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Male reproductive health as a sentinel for environmental endocrine disruption

Effects of endocrine disruptors on experimental animals and wildlife are well established. Antiandrogens and estrogens cause reproductive disorders, such as cryptorchidism, hypospadias, testicular dysgenesis and subfertility. This raises a natural question whether these disorders in humans are also caused by endocrine disrupters and whether they should alert us of harmful exposures. While we still do not know the answer to this question, we know that the incidence of testicular cancer has rapidly increased over two generations, and the birth rates of hypospadias and cryptorchidism are alarmingly high. Furthermore, semen quality of young European men remains very poor at the moment. We have analyzed the association of cryptorchidism with exposure to several endocrine disruptors. This kind of studies cannot prove any causality. However, we have found a weak positive association of cryptorchidism with exposure to chlorinated pesticides, dioxins and furans, and polybrominated diphenyl ethers. It has become obvious that there is no individual compound that could be linked to etiology of cryptorchidism, but rather a mixture of several chemicals can cause the effect in genetically susceptible individuals. Modern systems biological approaches are needed to deal with complex exposure scenarios and genetic variability.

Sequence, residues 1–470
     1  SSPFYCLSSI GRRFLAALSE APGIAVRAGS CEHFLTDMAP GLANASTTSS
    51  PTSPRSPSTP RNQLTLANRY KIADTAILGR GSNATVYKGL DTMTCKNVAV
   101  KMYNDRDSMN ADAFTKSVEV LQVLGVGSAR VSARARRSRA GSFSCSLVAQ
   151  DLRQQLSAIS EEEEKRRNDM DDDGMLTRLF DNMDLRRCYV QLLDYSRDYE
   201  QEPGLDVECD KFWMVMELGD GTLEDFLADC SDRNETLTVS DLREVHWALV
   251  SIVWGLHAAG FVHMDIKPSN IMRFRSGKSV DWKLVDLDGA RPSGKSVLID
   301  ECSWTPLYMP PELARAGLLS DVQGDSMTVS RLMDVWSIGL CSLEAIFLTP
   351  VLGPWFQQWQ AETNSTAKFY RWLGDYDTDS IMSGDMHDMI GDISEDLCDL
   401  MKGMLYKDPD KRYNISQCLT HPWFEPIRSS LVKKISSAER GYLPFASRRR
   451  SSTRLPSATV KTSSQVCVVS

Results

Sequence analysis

Supported by the Academy of Finland, EU Fp7 Environment DEER, Sigrid Juselius Foundation, and Turku University Hospital.

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Correspondence to Jorma Toppari.

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This article is published under license to BioMed Central Ltd. This is an Open Access article distributed under the terms of the Creative Commons Attribution License (, which permits unrestricted use, distribution, and reproduction in any medium, provided the original work is properly cited.

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Toppari, J. Male reproductive health as a sentinel for environmental endocrine disruption. Acta Vet Scand 54, S1 (2012).

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  • Reproductive Health
  • Diphenyl
  • Testicular Cancer
  • Hypospadias
  • Diphenyl Ether